Tested: 999 Motorsports Supersport Racer!

Tested: 999 Motorsports Supersport Racer!

By Mike Kojima, Photos by Dave Karey

What is as fast as a Smallbore GT race car and cheaper to operate than a Spec Miata? I recently got a call last week from Jackson Stewart, President of 999 Motorsports.  Jackson had called to see if I was interested in driving their new Supersport race car.  The Supersport is designed to be a user friendly and cheap to maintain purpose built race car that is fast enough to be fun but not so edgy as to be scary.  A sort of poor man's Daytona Prototype.  We eagerly made the trip down to Willow Springs to give the Supersport a spin.

The Supersport is a 100% purpose built race car that is designed to be decently fast, super cheap to maintain and easy to work on as well as reasonably priced.  Believe it or not the Supersport probably costs less to run than a competitive rules limited racing sedan like a Spec Miata or a Honda Challenge car!  At 2200 lbs and 300 hp, it promises to be tons of fun.  The Supersport will have its own racing spec series with NARRA and is also homologated for NASA's ST2 class.  Come to think of it, the Supersport's cheap operating costs make it the ultimate track day play car as well.
The Supersport's composite body is durable and can take a hit without coming apart and is easy to repair.  The bodywork is also easily and quickly removable to provide complete access to just about all components.  This access makes the Supersport a snap to work on.
The Supersport has a full aero package with a composite aluminum and polypropylene honeycomb flat bottom, a front splitter and rear diffuser with an adjustable rear wing.  It makes a lot of downforce.  The Supersport has a 97″ wheelbase and an overall length of 165.6 inches making it the size of a typical sport compact car.  Make no mistakes though, the Supersport is not a modded street car but a purebred race car, designed from the ground up for the rigors of track use.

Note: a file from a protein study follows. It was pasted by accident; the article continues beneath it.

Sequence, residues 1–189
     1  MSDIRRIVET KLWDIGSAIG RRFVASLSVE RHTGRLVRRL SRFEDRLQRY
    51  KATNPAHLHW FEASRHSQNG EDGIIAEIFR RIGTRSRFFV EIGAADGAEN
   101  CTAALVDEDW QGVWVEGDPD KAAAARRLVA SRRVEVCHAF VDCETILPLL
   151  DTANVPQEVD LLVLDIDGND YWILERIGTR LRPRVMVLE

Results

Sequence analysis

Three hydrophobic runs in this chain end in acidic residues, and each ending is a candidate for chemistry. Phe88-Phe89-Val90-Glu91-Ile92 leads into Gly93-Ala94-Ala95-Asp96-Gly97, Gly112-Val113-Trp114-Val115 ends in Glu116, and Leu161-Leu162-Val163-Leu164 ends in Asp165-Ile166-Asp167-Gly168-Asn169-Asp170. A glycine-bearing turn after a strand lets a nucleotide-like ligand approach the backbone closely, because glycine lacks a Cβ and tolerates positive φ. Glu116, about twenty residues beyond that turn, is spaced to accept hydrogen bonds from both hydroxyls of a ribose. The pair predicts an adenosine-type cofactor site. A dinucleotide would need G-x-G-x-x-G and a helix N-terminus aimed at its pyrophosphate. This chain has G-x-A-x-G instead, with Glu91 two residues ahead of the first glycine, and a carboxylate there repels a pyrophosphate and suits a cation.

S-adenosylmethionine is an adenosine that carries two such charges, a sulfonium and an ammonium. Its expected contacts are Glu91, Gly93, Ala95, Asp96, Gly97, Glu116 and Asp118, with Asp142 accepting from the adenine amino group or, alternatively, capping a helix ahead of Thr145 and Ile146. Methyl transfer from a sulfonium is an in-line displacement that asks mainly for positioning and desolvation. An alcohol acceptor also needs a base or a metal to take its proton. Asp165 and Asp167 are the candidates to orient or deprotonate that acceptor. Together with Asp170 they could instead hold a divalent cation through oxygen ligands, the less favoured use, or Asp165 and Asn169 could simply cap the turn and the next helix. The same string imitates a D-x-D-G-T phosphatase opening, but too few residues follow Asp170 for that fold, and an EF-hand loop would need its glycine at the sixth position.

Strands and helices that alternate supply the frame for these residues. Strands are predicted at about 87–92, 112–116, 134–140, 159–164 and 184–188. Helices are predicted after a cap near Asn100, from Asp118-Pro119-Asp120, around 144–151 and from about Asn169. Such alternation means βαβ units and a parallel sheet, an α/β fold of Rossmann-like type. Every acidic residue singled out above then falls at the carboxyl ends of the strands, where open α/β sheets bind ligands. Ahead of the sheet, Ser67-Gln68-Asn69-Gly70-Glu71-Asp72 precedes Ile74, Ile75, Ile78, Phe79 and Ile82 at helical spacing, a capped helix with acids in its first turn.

The powerplant was selected to be fast, fun and cheap to operate.  It is a GM Ecotec LNF turbo 4 displacing 1998cc.  The engine is direct injection and pretty bulletproof as it is a stout engine and completely stock except for the peripherals.  The engine features a Borg Warner EFR turbo on a cast twinscroll exhaust manifold, variable valve timing, forged internals with sodium filled intake and inconel exhaust valves.  The engine can pump out a low stressed 300 hp and 340 lb/ft of torque all day long and probably go several seasons between freshening!  If you wanted to, Ecotecs can be modified to make big power.
The GM F35 5-Speed transaxle is straight out of a Cobalt SS.  It has a clutch type limited slip differential and an Aasco lightweight clutch and flywheel.  The transmission can be had with a conventional H pattern shifter for NASA's ST2 class or a sequential shifter for other classes.  A 3MO full race dog shifted gear box is available as an option but not legal for all classes that the car is homologated in.
A Borg Warner EFR turbo is standard equipment.  An internal wastegate and integral compressor bypass valve keep things simple.  A twin scroll exhaust housing makes the turbo spool fast for lagless power delivery.


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